“I work with fantastic people, including GPs, care coordinators, mental health practitioners, social workers and physiotherapists," she said.
"I have a real admiration for what the NHS does and will never forget the nurse who put her hand on my knee when my son was at his worst, and told me everything would be okay.”
Carole Melody, Head of Finance, Surrey Downs CCG
"The NHS belongs to the nation and everyone thinks they know how it can be fixed, but on the inside you realise just how complex the industry is; the constant asks of all areas of the service," said Carole.
“All the while we have to try to remain within budget by improving efficiencies in every process and system, some of which are more successful than others.
"It is a major juggling act. Every day is different and challenging but I love it – most of the time!”
Ricky Powell, Paramedic and Operational Team Leader, South East Coast Ambulance NHS Foundation Trust
Ricky Powell was one of the first to become a paramedic in the 1980s.
He joined the Surrey Ambulance Service in 1984 and is now an operational team leader with South East Coast Ambulance Trust, based in Chertsey.
"That first year was memorable and as a young ambulance man I was faced with many situations for the first time," he reflected.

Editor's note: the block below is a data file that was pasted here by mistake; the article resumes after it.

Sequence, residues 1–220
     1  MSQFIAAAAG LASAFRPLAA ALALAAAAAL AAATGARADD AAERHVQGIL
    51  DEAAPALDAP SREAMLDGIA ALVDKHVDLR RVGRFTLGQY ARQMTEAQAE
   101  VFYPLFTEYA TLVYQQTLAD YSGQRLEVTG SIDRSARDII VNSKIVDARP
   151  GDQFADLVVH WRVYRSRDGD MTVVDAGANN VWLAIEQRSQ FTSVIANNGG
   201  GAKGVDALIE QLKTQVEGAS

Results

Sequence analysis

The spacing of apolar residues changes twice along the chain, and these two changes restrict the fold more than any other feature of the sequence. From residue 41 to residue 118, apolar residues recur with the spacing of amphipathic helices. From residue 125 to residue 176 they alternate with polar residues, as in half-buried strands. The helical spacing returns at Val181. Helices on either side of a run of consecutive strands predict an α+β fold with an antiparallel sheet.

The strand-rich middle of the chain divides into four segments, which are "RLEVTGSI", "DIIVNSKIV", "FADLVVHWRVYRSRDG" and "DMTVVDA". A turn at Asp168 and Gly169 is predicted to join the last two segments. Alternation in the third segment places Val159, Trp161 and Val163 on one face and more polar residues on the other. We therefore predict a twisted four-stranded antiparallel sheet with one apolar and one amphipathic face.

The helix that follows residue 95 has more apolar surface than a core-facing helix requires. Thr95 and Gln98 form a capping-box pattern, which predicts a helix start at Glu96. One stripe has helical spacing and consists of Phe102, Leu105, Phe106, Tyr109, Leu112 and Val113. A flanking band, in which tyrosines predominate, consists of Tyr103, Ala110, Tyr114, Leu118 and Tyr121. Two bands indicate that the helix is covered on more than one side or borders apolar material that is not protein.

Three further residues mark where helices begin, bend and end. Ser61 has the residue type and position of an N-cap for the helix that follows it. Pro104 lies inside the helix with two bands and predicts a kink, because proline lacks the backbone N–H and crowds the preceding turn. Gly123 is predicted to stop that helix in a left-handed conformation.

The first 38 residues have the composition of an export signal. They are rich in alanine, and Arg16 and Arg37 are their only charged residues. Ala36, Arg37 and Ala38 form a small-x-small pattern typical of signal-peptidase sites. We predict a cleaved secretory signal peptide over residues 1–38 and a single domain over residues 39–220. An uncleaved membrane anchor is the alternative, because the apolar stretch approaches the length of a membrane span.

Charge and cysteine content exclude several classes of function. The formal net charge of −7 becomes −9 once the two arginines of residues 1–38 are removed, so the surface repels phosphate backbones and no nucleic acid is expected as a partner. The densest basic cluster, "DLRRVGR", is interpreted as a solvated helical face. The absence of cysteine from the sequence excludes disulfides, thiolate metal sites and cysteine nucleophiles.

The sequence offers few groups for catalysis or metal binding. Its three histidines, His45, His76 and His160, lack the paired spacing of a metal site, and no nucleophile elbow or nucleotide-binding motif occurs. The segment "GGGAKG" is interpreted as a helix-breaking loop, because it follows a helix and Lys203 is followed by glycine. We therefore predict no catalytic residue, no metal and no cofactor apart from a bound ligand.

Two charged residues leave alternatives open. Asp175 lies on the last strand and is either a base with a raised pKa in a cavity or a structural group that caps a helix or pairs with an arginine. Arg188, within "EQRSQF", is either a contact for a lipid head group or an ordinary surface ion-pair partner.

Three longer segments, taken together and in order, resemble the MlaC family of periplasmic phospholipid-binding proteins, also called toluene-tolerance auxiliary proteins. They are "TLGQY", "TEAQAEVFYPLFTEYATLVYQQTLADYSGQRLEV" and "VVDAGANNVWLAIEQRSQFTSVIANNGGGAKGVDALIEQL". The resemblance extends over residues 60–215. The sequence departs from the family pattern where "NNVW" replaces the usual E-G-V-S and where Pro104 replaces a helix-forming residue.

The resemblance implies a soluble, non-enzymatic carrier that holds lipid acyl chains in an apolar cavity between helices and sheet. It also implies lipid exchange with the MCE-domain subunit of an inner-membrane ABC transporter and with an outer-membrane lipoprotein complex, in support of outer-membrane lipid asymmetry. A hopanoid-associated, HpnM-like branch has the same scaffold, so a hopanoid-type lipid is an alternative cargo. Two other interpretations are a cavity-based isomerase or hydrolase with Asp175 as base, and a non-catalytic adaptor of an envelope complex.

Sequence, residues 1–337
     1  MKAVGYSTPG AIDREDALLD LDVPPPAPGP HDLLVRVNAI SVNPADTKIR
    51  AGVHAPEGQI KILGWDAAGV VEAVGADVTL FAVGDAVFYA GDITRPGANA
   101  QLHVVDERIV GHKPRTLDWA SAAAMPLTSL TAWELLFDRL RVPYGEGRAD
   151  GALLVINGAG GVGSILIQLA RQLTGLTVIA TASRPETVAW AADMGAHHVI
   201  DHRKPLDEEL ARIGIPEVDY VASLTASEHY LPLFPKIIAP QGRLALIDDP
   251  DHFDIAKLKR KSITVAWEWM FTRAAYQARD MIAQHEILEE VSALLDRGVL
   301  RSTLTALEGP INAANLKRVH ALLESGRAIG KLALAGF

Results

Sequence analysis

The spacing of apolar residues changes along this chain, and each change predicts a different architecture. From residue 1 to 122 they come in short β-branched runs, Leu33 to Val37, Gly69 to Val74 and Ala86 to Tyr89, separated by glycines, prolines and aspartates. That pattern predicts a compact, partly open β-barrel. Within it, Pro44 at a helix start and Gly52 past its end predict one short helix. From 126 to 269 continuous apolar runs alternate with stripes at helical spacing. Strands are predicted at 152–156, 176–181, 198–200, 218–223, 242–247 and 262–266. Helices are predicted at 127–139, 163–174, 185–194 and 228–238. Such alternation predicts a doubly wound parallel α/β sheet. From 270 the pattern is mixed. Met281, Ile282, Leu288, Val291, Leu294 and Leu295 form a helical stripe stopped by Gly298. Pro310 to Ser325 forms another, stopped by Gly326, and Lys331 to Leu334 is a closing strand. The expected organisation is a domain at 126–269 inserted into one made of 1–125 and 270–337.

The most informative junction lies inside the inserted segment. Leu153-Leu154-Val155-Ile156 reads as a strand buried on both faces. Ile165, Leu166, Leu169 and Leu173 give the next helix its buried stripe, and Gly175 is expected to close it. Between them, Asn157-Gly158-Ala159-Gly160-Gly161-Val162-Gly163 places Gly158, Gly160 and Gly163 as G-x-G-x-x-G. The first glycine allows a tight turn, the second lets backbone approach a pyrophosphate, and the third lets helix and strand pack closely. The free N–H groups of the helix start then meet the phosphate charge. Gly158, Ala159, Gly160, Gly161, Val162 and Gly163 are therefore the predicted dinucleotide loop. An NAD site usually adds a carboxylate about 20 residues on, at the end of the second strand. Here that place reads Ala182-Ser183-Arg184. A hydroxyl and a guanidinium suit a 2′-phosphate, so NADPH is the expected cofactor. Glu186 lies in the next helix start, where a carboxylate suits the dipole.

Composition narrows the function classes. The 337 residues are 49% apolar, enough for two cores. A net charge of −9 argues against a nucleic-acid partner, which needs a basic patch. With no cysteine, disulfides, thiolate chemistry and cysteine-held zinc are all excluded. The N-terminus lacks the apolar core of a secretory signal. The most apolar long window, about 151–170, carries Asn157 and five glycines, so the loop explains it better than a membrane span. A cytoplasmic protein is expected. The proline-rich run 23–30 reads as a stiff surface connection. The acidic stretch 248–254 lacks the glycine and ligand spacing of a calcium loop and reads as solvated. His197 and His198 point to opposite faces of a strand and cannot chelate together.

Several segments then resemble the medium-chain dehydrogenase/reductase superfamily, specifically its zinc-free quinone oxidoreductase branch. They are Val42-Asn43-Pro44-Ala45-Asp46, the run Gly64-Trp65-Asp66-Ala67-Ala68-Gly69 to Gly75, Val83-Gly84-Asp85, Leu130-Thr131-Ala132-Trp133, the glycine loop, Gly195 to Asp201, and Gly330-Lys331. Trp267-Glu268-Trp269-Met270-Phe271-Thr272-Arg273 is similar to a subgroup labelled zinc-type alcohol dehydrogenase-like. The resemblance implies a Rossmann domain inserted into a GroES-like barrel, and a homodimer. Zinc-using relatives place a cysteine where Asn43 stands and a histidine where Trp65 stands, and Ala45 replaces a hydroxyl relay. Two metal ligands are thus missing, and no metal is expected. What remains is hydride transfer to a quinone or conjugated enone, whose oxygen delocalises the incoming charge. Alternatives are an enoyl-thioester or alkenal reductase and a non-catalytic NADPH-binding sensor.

"There were no paramedics then but some did have intubation and infusion skills and cardiac skills. We had to raise money to buy heart monitors and equipment, also relying on donations from charities such as the Lions Club.
"We never even had a patient transport service then, and any emergencies that came in were dealt with in between dropping off at day hospitals and transfers."
Ricky spent most of his time at Ashford ambulance station and worked there during the ambulance dispute of 1989.
"Thinking back, I was amazed by the public's generosity and support from other colleagues during that six month period," said Ricky.
In the late 1980s came the introduction of paramedic training and Ricky became one of the first paramedics to do the NHSTA course. This combined the intubation, infusion and cardiac course into one and trained staff in extra skills such as drug therapy and advanced airway management.
“I have seen many changes since the early days," he continued.
"But one thing that never seems to change is the spirit of the staff and their comradeship and dedication."
Floyd Jones, Porter at Epsom & St Helier Hospitals
Floyd has worked at the Trust since 2011 working in the Endoscopy Unit at St Helier Hospital.
"I love working in the caring industry and I am very chatty, so I enjoy meeting new people and being able to lift patients’ spirits - I even sing to the patients sometimes," said Floyd.